Busi­nesses far from storm’s dev­as­ta­tion can feel im­pact

Texarkana Gazette - - BUSINESS - By Joyce M. Rosen­berg

NEW YORK—Texas and Florida are usu­ally the big­gest mar­kets for ReelSonar’s fish­ing de­vices and apps. But recre­ation isn’t a pri­or­ity right now—and may not be for a while—in the states amid the dev­as­ta­tion left by Hur­ri­canes Har­vey and Irma.

Though ReelSonar is based in Seat­tle, thou­sands of miles from the dam­age, it’s feel­ing an im­pact from the storms. It’s the same for many small busi­nesses with lots of cus­tomers or sup­pli­ers in disas­ter ar­eas. Sales drop off as peo­ple and busi­nesses pre­pared for the hur­ri­canes, and are likely to stay down as ev­ery­one as­sesses and deals with the dam­age.

“When you’re try­ing to put your life back to­gether, fish­ing be­comes sec­ondary,” says ReelSonar owner Alex Lebe­dev.

He doesn’t know yet how much his rev­enue will be hurt, but had an inkling from Ama­zon.com, where sales are down 70 per­cent from a year ago. His prod­ucts are also sold in hun­dreds of sport­ing goods and camp­ing stores in Texas and Florida. One sav­ing grace is that the fish­ing sea­son isn’t at its peak,

and Lebe­dev is hop­ing to make back his lost sales dur­ing the hol­i­day shop­ping sea­son.

Com­pa­nies that suf­fer losses be­cause of a far-off disas­ter aren’t el­i­gi­ble for fed­eral disas­ter aid the way busi­nesses nearby might be. And most small busi­nesses are un­likely to have the ex­pen­sive and spe­cific kind of busi­ness in­sur­ance that would cover them in such cases.

Many small busi­nesses whose sup­pli­ers have been hurt by the storms are in limbo while they wait to hear how long it will take ven­dors to be able to send out mer­chan­dise or parts. Some com­pa­nies may have to find al­ter­na­tive ven­dors.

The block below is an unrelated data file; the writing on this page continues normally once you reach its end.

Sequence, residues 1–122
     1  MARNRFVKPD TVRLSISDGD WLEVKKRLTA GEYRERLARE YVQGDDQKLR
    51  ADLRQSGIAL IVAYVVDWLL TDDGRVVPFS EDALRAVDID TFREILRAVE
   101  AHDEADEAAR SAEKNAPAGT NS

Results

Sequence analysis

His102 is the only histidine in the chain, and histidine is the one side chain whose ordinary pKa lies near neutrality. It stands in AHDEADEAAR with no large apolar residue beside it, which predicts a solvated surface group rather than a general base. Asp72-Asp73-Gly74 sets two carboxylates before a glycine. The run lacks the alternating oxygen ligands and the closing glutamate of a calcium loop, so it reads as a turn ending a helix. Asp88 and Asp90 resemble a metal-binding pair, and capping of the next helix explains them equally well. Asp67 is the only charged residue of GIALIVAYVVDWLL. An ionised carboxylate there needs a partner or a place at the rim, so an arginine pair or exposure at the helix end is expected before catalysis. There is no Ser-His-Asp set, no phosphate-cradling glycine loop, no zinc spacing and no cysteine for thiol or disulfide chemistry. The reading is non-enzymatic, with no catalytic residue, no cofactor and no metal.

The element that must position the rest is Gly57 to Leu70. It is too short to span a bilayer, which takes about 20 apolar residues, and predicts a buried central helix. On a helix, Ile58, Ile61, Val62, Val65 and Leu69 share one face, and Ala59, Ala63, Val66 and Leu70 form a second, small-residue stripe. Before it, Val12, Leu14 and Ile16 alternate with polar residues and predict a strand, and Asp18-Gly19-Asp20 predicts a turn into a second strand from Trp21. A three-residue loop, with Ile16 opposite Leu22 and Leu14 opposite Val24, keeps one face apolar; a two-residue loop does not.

The Crit­ter De­pot, based in Lan­caster, Penn­syl­va­nia, sells live crea­tures like crick­ets and worms to feed rep­tile pets and has as a main sup­plier a farm in Okee­chobee, Florida. The farm shut down oper­a­tions as Irma ap­proached, and suf­fered ex­ten­sive dam­age.

Crit­ter De­pot owner Jeff Neal has had to tell some cus­tomers that they couldn’t get their ship­ments. Rep­tile own­ers tend to buy 1,000 crit­ters at a time, and feed their pets about 20 crick­ets a day, sup­ple­ment­ing their diet with worms.

“They still have to feed their pets, so they’re go­ing to look else­where,” Neal says.

Though he knew be­fore the storm he’d lose some sales, he’s of­fer­ing cus­tomers a 50 per­cent dis­count to en­cour­age them not to aban­don his com­pany per­ma­nently. And even though other sup­pli­ers don’t give him as good a deal, he’s turn­ing to backup sources un­til his Florida ven­dor is up and run­ning again. He ex­pects the storm to cost him as much as $6,000.

Har­vey and Irma have sent sales at Pro­mos On-Time down as much as 40 per­cent since La­bor Day, com­pared to 2016 busi­ness. The com­pany, which sells pens, mugs, base­ball hats and other give­aways and knick­knacks, has lost or­ders as cus­tomers along the Gulf Coast and